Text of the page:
And coming from an ad agency previously, what were the lessons in starting a new business?
I think that one of the hardest things for us, and one of the biggest learning curves, was really taking passion and vision, and making it practical in technology. With Adam and I, our backgrounds were in communications. We were running an advertising agency; I was in operations and he was overseeing accounts and all of these types of things. So, when you take that and you have so much drive to make big things happen and make change for something that you really, truly believe in, making that work in a technology and some of the more institutional frameworks that exist today takes a lot of persistence. It takes a lot of knowledge and a thirst for knowledge to actually make this work.
I think the lesson learned there was knowing when to to bring people in that can help you get there. You know, we’d been pushing this along and kicking it down the road without technological leadership. I think that was a big learning curve for us like, ‘Wow, we need this body and we need this body to push us forward.’ And that’s something that we’re actively hiring for now. I think it’s understanding the process to get from passion to product. And I think that’s a difficult one [process], particularly in the tech space.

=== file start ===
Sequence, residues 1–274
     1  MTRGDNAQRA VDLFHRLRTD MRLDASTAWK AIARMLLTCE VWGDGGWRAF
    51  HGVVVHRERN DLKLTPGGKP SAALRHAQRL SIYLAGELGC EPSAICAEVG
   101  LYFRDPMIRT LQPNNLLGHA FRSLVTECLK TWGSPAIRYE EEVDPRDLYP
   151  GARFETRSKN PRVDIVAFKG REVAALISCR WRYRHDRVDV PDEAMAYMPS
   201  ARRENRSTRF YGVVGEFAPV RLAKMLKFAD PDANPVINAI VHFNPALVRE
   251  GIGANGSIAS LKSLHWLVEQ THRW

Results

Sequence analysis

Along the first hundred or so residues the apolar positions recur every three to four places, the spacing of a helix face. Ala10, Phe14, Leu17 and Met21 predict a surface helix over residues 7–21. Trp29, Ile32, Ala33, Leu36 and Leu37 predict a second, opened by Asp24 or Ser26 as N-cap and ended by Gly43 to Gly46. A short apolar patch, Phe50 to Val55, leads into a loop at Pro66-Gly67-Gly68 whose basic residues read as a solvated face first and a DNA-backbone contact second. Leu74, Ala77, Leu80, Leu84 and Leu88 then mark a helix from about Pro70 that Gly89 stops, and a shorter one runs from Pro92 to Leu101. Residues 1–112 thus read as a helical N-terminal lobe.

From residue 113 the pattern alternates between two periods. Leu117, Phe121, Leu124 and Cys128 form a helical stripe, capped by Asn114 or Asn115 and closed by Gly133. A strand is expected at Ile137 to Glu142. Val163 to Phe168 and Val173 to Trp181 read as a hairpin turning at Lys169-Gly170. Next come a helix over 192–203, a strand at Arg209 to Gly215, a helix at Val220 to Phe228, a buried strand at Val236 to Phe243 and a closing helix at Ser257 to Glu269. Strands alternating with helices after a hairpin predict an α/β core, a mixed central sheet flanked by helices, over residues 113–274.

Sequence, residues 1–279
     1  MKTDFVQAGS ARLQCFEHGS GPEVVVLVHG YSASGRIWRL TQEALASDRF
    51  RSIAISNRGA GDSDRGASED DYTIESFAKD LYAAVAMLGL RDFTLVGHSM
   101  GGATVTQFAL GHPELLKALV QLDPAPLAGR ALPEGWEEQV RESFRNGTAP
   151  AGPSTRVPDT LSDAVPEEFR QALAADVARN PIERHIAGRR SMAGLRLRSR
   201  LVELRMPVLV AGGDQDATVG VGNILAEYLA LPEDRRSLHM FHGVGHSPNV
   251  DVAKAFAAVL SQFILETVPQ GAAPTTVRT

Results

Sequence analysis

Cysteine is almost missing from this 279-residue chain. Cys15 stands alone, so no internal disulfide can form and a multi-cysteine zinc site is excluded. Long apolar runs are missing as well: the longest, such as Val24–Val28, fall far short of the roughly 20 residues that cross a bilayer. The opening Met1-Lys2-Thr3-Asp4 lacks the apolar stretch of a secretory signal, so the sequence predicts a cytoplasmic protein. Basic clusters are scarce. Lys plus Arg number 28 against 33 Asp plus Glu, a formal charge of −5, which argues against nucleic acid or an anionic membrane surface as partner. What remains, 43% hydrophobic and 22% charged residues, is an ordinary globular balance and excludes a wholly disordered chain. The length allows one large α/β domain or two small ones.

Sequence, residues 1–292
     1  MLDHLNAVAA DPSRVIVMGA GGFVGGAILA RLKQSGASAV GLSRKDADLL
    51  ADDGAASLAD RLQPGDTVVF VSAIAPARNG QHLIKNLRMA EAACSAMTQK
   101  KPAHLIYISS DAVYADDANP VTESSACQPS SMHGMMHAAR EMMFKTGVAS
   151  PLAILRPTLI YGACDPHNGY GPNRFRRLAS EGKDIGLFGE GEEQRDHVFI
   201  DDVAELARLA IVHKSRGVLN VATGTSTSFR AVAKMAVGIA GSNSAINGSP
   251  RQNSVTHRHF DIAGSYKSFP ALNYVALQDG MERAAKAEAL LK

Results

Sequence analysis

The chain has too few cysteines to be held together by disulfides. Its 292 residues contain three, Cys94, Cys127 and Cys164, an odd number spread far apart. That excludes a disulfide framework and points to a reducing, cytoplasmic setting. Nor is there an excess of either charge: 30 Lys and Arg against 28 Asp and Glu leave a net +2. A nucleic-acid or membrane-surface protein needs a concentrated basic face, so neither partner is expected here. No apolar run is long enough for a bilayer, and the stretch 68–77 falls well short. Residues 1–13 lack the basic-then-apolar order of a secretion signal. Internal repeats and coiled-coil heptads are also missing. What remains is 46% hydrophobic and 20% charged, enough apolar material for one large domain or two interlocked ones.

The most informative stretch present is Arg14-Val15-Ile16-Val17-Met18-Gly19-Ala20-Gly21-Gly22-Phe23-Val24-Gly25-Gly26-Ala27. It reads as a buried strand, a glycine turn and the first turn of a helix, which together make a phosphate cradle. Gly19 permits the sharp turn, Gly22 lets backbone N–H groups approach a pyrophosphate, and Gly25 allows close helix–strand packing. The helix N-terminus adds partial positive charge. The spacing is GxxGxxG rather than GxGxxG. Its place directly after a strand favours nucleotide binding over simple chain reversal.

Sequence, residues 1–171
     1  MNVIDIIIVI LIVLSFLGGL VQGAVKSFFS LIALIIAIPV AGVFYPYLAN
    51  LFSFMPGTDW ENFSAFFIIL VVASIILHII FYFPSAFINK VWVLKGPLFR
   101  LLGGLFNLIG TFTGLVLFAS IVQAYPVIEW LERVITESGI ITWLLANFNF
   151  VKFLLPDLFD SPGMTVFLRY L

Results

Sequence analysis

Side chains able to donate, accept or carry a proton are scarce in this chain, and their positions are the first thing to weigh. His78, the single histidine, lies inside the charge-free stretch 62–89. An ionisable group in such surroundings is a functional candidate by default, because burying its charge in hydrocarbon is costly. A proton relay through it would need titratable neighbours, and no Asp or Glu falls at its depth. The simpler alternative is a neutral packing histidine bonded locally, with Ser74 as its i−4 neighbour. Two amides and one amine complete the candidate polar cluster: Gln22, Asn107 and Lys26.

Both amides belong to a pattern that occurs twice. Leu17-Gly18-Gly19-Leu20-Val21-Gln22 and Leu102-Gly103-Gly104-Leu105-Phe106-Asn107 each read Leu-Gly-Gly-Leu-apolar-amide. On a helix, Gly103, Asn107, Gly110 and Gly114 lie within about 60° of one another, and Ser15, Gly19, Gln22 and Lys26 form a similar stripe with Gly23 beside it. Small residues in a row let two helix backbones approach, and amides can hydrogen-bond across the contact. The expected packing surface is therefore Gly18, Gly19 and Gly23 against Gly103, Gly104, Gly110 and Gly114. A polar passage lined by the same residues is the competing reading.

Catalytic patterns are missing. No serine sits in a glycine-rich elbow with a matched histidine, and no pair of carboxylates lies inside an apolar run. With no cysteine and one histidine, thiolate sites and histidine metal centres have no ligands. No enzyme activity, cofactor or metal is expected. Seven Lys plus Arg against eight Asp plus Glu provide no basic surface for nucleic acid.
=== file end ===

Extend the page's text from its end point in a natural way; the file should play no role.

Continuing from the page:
And so what would you say then, along with lessons, has been the best piece of advice you’ve learned throughout your career that you’ve applied in learning and with Livelii?
If I was to give a piece of advice, or something that that I’ve learned through this and something that really resonated with me, is find a dynamic leadership team.
I think you want people that challenge the way you think and you want to be able to challenge the way they think. That’s how ideas get stronger. It’s not the people who follow someone who’s herding them along. I think that it’s crucial and critical to have arguments and to have those challenges, because truthfully, that’s what builds great things.